Katharine Hayhoe’s High Hopes for President Trump’s New Climate Science Advisor

Reblogged from Watts Up With That:

Guest essay by Eric Worrall

President Trump’s choice is approved by both Katharine Hayhoe and Roger Pielke Jr.

Can Trump’s new science adviser convince him that climate change is real?

Brandon Miller-Profile-Image
By Brandon Miller, CNN
Updated 2030 GMT (0430 HKT) January 3, 2019

(CNN) In the eleventh hour of the outgoing Congress’ term, the Senate confirmed one of President Trump’s nominees that could have a profound impact on the future of our planet.

Kelvin Droegemeier, a meteorologist and former University of Oklahoma professor, was confirmed to be director of the Office of Science and Technology Policy on Wednesday– a role commonly referred to as “science adviser” and the top scientific office in the country.

The position has sat vacant since Trump’s presidency began nearly two years ago.

“It is encouraging to see that this position is finally filled, and by someone with solid scientific credentials and extensive experience in connecting cutting-edge science to policy decisions,” according to Katharine Hayhoe, a climate scientist with Texas Tech University.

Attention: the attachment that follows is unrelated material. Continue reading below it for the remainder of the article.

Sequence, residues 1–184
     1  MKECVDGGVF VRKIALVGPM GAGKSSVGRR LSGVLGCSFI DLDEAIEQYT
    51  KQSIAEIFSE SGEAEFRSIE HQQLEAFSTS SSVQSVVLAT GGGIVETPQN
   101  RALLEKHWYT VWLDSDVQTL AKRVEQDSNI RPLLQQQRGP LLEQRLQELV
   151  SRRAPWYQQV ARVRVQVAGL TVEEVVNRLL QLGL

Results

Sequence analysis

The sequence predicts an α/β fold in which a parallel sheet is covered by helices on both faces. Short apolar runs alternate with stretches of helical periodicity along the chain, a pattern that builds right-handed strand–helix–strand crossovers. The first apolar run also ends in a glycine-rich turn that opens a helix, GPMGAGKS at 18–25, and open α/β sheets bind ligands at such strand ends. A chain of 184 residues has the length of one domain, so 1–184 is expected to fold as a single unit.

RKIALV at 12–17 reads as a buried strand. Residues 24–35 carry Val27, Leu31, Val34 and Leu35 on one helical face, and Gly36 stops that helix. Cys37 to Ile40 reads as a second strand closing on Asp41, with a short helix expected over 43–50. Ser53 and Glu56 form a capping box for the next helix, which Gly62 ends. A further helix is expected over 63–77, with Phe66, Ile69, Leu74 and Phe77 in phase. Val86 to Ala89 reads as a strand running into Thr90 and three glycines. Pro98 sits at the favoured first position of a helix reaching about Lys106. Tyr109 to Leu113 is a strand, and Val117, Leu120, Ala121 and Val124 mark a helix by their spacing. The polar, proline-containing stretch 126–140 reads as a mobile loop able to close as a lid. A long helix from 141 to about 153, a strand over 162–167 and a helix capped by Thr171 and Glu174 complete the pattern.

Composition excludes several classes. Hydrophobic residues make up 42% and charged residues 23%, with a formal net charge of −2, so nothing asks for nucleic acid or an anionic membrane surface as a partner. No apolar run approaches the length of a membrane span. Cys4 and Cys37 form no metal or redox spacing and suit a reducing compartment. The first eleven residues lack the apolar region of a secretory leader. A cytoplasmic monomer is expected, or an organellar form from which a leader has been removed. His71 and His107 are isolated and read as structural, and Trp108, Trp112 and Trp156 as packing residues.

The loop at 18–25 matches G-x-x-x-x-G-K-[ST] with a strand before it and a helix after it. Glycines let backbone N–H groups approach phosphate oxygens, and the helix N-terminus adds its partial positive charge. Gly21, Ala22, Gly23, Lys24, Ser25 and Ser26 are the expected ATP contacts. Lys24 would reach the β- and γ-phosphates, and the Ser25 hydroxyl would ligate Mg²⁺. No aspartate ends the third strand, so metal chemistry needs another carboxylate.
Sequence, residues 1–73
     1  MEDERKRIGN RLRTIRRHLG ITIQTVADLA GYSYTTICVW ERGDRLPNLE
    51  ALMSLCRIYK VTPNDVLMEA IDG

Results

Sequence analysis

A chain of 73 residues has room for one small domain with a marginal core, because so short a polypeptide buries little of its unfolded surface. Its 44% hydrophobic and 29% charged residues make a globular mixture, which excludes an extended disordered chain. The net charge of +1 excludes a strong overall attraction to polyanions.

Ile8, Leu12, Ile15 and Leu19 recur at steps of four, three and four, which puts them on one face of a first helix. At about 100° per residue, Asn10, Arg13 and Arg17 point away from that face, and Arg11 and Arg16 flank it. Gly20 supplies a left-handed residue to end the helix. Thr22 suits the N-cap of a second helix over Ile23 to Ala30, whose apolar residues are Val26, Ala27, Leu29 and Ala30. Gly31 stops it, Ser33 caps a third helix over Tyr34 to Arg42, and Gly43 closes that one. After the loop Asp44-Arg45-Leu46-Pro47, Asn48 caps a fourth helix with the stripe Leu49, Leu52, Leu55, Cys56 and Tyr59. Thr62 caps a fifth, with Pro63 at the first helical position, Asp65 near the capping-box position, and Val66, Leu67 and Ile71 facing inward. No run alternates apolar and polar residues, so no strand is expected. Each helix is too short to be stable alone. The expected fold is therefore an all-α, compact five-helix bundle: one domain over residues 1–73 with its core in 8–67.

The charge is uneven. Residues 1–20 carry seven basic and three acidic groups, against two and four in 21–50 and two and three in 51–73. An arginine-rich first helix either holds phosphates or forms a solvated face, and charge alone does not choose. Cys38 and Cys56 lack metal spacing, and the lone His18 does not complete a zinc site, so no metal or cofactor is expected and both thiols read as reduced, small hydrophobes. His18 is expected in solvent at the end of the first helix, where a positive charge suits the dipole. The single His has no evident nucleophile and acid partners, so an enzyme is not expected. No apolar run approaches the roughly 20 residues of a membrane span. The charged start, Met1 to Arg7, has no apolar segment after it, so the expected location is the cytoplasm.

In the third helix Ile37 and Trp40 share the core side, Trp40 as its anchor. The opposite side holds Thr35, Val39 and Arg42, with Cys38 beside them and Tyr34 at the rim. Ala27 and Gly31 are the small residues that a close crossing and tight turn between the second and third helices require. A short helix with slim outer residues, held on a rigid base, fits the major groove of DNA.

Trump has a history of dismissing his own experts, whether they be top intelligence reports or senior military officials, so many are skeptical that Droegemeier will have much influence over Trump’s view on climate.

“No one should expect that he will be advising this president on any meaningful manner,” said Roger Pielke Jr., a professor at the University of Colorado who studies the intersection of science and politics and who has published on the history of US science advisers. Pielke has worked with Droegemeier and known him for more than 20 years.

“This president does not appear to seek advice,” Pielke said, adding that the primary function of the science adviser has historically been to coordinate budgets and support science and technology programs that cross agency boundaries.

“Science advisers have historically had little, if any, impact on major policies,” Pielke said. “This goes for John Holdren under Obama and all others before him.”

Read more: https://edition.cnn.com/2019/01/03/us/trump-science-adviser-climate-change-wxc/index.html

Droegemeier is certainly good at something, if he can get the thumbs up from people as opposed as Katharine Hayhoe and Roger Pielke Jr.

Update (EW): Fixed misspelling of Katharine Hayhoe’s name

 

[Hifast Note:  The Comment thread at WUWT is outstanding.  Click here to go.]

The Social Benefit Of Carbon